“On Film” reading group + “Alien” series

alien_movie_poster

As a part of preparation for the 3rd International Philosophy Graduate Conference, where we will be welcoming professor Stephen Mulhall as the keynote speaker, we are organizing a reading group for professor Mulhall’s book “On Film”.

Starting from Friday, November 6th, we will be screening movies from the Alien series, and reading the accompanying chapters from the book. Everyone interested in the work of professor Mulhall, film or philosophy is welcome to join. The atmosphere is very informal (we won’t be having any exams :)), but we will be aiming for moderately serious discussion.

Why the Alien series? The answer is best left to Mulhall himself:

“The four members of the Alien series (Alien [1979]; Aliens [1986];
Alien3 [1992]; Alien Resurrection [1997]) managed to combine popular
success and critical interest in a way matched by very few
films produced in the last two decades of the twentieth century.1
They focus on Flight Lieutenant Ellen Ripley (played by Sigourney
Weaver) as she confronts the threat posed to herself, her companions
and the human race by the spread of a hostile alien species.
But this description hardly begins to capture their peculiar economy
of simplicity and power – the charismatic force of Weaver’s
incarnation of Ripley’s despairing but indomitable courage, the
uncanny otherness of the aliens, and of course the alien universe
itself, stripped of the clutter of social particularity to reveal
receding horizons of mythic significance. It now seems as if it
was clear from the outset that it would take more than one film
to explore those horizons, and thereby to unfold the full meaning
of Ripley’s intimate loathing of her foes.
But there are, of course, more specific reasons for choosing to
focus on this series of films in a philosophical book on film –
reasons having to do with what one might call the underlying
logic of the alien universe they depict. For these movies are preoccupied,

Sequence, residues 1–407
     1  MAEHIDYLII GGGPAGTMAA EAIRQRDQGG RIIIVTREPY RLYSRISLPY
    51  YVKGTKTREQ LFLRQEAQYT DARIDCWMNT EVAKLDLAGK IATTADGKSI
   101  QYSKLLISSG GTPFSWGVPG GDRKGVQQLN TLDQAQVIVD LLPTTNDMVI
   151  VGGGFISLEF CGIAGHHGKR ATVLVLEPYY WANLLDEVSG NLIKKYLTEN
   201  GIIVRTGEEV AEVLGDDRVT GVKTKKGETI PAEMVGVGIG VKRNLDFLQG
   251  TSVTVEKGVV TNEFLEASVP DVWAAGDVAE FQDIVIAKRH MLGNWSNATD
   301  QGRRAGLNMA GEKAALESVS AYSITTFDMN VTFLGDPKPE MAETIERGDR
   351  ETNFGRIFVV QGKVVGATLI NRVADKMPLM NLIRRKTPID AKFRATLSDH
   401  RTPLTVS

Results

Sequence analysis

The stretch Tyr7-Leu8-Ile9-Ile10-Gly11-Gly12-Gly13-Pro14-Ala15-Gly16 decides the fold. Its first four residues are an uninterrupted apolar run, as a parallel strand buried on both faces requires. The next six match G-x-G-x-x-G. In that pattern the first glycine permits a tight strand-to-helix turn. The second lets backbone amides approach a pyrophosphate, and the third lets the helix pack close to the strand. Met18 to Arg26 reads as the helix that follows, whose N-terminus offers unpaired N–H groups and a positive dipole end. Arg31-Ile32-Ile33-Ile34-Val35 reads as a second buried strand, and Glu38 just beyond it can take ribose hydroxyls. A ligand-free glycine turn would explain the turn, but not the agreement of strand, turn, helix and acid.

even obsessed, with a variety of inter-related anxieties
about human identity – about the troubled and troubling question
of individual integrity and its relation to the body, sexual
difference and nature. What exactly is my place in nature? How
far does the (natural) human ability to develop technology alienate

us from the natural world? Am I (or am I in) my body? How sharply does my gender define me? How vulnerable does my body make me? Is sexual reproduction a threat to my integrity, and,
if so, does the reality and nature of that threat depend on whether I
am a man or a woman? These are themes that emerge with quasimathematical
elegance from the series’ original conception of an
alien species which involves human beings in the furtherance of
its own reproductive cycle, and which thereby confronts its human
protagonists with the flesh-and-blood basis of their existence.
This issue – call it the relation of human identity to embodiment –
has been central to philosophical reflection in the modern period
since Descartes; but the sophistication and self-awareness with
which these films deploy and develop that issue, together with a
number of related issues also familiar to philosophers, suggest to
me that they should themselves be taken as making real contributions
to these intellectual debates. In other words, I do not
look to these films as handy or popular illustrations of views and
arguments properly developed by philosophers; I see them rather
as themselves reflecting on and evaluating such views and arguments,
as thinking seriously and systematically about them in just
the ways that philosophers do. Such films are not philosophy’s raw
material, nor a source for its ornamentation; they are philosophical
exercises, philosophy in action – film as philosophizing.”

From “On Film”

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